A recent national survey by Fannie Mae revealed that Hispanics place more value on the idea of homeownership than all Americans, and 73 percent of Latinos believe that owning a home is a good way to build wealth to pass along to their families.
However, trends suggest Hispanics are more likely to lack basic financial literacy skills, which can hamper the community’s home buying and long-term financial success.
The first-time home buying process can seem like a daunting experience. But with the right resources, such as TD Bank’s five-step guide for first-time home buyers, Latinos can turn the process of buying a family home into a teachable financial experience for both themselves and their children. Here is some of TD’s advice:
1. The Importance of Saving
• According to a recent national survey by the National Foundation for Credit Counseling, nearly half of Hispanics polled revealed they do not have savings.
• The best way to teach children about saving is by encouraging them to do it. If they get a weekly allowance, ask them to put away 25 percent to save enough to purchase the latest video game or toy they want.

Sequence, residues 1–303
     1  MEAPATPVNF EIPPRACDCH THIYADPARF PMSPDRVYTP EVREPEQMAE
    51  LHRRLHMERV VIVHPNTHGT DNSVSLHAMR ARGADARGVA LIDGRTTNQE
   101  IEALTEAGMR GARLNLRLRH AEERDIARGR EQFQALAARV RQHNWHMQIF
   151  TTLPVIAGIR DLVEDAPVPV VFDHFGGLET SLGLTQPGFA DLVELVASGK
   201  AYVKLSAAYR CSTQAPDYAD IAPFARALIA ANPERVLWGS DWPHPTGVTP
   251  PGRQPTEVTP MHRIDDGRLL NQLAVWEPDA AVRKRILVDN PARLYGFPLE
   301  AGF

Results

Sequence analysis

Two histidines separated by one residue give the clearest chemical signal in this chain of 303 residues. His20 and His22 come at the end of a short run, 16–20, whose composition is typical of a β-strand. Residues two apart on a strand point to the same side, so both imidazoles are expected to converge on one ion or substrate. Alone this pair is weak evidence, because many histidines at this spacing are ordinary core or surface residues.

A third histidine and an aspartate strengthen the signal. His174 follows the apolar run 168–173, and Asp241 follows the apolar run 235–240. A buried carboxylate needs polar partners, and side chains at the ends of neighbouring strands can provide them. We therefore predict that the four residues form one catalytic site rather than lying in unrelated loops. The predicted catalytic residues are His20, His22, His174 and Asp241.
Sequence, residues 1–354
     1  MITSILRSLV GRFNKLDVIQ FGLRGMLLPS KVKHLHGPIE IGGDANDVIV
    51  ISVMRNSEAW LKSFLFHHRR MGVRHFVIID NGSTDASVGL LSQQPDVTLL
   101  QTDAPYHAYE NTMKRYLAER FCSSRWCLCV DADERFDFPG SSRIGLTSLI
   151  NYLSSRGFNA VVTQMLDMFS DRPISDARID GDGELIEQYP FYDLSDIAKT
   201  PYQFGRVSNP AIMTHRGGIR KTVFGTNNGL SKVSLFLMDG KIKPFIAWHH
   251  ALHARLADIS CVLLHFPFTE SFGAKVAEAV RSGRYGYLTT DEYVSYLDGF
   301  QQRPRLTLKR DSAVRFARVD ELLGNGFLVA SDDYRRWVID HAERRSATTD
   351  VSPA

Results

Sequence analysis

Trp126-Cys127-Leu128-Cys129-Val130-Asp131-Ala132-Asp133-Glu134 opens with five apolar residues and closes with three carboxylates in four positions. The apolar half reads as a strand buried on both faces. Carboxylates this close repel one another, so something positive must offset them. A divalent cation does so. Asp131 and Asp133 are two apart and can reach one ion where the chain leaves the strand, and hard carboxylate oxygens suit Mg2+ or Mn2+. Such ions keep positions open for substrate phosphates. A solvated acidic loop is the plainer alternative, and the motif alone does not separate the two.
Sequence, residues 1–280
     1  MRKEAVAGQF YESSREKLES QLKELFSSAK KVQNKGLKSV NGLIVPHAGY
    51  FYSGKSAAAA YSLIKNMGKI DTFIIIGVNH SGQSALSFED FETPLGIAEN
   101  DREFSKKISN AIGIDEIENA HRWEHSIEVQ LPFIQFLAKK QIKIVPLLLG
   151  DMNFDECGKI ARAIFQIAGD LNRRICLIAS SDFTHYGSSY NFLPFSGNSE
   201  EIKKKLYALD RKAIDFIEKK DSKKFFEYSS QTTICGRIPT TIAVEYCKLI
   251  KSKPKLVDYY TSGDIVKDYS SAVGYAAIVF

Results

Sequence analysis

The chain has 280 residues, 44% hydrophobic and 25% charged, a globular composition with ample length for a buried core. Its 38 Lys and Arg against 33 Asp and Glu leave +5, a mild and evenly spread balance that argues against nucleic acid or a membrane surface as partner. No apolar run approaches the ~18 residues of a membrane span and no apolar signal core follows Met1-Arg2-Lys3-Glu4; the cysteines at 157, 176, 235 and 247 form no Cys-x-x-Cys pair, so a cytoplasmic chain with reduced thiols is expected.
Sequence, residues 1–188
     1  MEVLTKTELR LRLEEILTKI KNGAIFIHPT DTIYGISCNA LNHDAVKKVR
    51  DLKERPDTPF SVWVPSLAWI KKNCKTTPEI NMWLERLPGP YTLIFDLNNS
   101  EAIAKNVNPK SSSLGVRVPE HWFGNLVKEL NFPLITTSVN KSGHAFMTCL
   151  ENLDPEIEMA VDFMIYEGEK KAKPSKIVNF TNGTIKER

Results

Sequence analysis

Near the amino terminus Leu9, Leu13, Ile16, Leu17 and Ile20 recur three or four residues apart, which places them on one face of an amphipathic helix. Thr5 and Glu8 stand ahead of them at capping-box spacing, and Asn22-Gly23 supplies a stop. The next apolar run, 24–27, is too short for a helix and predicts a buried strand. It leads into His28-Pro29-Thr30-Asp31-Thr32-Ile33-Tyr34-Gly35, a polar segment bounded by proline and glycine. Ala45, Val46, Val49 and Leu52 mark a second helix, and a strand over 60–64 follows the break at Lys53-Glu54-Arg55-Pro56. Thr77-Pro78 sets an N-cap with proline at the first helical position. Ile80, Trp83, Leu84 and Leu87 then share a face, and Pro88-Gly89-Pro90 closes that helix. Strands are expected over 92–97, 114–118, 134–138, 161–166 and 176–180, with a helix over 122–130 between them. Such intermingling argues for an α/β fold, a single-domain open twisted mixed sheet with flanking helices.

• Then, explain to your children what a down payment is, and how saving for one can help reduce a home’s cost. The bigger the down payment, the smaller your home loan, therefore the lower the interest rate.
2. Budgeting and Determining What You Can Afford
• Living within your means is key to long-term financial success. Unfortunately, Hispanics are more likely to report struggling to pay their bills on time, which presumably means many Hispanics spend more than they make. It’s important to discuss budgeting at an early age with children.
• By reviewing your income and current monthly debts, you can determine your ideal monthly mortgage payment. From there, you will be able to narrow the focus of your house hunt to homes you can afford.
3. Understanding Credit and Loans
• Having bad or little credit makes the goal of owning a home a struggle.
• To drive home the lesson about credit and loans, offer your children a loan to purchase the new shoes or outfit they want. Require them pay you back monthly with a portion of their weekly allowance.